I write this on Friday 8 July, 2011. I wonder how many people in the world realise that tomorrow will see the birth of the world's newest nation state. After decades of civil war with its northern counterpart, and a January referendum in which its 8m inhabitants voted overwhelmingly to secede, Southern Sudan will become the Republic of South Sudan.
No doubt there will be great rejoicing and an amount of optimism as South Sudan takes its place as a nation. Yet at the same time the nation faces enormous problems. It will take a long time to recover from decades of conflict which have taken the lives of over 1.5 million people. As thousands of families have made their way from northern Sudan to the south, so this has put great strain on already meagre resources. Water, food and other resources are in short supply.
Only this week I received a communication from aid charity tearfund, which is launching an appeal to support the people of South Sudan. Amongst the startling statistics are the fact that only about one quarter of the population have access to clean drinking water; less than 10 percent have access to a latrine; perhaps most sobering fact of all is that South Sudan is currently at the bottom of international rankings in terms of infant mortality; tragically, one mother in seven dies during childbirth.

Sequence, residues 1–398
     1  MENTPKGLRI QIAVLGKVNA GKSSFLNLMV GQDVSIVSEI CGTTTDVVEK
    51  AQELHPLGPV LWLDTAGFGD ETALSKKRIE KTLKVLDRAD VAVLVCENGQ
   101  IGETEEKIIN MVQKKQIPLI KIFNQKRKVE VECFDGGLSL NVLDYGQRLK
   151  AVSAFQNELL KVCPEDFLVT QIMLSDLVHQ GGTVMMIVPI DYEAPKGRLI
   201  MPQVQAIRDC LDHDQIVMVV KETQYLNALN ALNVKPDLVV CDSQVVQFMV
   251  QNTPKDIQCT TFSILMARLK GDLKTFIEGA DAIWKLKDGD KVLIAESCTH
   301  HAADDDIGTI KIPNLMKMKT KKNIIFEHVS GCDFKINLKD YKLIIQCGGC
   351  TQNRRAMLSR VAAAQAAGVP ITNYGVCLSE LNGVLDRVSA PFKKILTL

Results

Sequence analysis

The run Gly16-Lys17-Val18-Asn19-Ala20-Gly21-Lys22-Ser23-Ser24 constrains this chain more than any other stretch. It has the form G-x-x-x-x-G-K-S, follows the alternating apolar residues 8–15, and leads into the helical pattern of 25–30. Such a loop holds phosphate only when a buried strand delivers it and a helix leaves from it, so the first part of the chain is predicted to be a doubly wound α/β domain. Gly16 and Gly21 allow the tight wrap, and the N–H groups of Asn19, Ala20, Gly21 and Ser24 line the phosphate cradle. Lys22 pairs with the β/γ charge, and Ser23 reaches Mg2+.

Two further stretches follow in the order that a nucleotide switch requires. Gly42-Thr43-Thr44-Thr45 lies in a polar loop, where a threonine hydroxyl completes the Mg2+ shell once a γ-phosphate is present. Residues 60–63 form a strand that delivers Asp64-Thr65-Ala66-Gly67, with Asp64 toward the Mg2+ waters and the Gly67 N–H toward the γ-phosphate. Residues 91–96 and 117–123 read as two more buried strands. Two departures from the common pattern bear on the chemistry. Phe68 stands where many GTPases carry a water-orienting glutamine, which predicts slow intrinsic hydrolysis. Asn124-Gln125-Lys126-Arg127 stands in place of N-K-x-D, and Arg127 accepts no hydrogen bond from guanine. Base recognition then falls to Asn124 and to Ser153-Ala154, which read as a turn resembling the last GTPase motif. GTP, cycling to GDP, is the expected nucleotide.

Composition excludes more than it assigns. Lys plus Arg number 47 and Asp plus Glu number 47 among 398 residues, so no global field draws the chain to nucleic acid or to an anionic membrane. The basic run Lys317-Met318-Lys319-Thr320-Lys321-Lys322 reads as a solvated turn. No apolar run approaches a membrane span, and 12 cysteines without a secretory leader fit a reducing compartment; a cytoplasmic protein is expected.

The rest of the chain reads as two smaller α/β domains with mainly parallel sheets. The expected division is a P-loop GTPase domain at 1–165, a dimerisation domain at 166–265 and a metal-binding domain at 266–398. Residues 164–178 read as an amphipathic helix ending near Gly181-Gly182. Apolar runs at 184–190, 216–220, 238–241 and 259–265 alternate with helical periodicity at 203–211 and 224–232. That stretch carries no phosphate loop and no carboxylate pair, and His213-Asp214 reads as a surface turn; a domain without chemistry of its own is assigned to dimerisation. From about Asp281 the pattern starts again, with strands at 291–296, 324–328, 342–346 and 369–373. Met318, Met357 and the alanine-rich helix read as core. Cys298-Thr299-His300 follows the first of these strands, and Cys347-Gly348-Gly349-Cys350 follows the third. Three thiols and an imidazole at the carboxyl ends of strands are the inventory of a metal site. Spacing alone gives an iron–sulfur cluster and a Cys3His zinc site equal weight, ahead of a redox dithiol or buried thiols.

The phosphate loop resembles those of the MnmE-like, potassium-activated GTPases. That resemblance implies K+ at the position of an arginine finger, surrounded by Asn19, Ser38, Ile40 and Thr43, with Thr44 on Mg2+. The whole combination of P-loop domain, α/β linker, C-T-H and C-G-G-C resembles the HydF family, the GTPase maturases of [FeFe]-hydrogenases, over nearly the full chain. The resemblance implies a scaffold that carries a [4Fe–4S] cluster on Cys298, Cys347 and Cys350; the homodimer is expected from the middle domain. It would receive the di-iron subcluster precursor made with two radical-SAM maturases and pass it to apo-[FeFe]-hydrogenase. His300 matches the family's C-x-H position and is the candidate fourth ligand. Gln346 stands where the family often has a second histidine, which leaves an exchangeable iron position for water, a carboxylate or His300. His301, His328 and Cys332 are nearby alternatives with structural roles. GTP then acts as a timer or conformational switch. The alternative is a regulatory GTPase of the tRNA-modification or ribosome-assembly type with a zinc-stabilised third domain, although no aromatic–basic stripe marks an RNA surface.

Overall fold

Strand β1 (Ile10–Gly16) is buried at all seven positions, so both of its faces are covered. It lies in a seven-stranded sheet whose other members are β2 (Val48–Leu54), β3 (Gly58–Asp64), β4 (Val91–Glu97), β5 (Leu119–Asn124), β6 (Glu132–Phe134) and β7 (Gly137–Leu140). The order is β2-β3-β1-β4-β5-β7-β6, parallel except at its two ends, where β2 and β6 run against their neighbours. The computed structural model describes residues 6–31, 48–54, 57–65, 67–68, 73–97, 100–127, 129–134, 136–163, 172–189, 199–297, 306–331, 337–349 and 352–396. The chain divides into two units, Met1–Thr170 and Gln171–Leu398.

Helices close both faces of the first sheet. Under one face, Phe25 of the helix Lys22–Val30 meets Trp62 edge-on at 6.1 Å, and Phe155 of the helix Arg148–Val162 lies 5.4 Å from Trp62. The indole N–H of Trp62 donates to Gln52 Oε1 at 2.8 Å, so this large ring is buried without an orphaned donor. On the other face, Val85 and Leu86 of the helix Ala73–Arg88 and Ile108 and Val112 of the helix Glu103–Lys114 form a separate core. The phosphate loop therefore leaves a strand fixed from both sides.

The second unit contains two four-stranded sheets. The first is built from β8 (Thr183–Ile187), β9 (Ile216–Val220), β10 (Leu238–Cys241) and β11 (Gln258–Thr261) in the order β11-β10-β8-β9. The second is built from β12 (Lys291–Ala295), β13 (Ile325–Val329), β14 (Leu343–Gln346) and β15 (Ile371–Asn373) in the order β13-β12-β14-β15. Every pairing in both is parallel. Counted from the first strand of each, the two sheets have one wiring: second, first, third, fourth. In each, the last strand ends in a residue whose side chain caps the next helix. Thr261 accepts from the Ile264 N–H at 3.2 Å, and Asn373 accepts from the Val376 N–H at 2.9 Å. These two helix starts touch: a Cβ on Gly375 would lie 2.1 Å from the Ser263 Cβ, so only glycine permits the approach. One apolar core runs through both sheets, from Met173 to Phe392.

I have found all this deeply challenging, not least in terms of how I should respond. I could make a donation to the work which tearfund is doing in Southern Sudan. I could certainly pray, because prayer does make a difference. I could respond in some other way, perhaps by seeing if there is some way in which I can join others in pressing governments and organisations who can make a difference to do something about the underlying issues of world poverty. One thing I do know, that I can't just close my eyes to the need (like the priest and the Levite did in the Good Samaritan story) - for that is not the way of the follower of Jesus.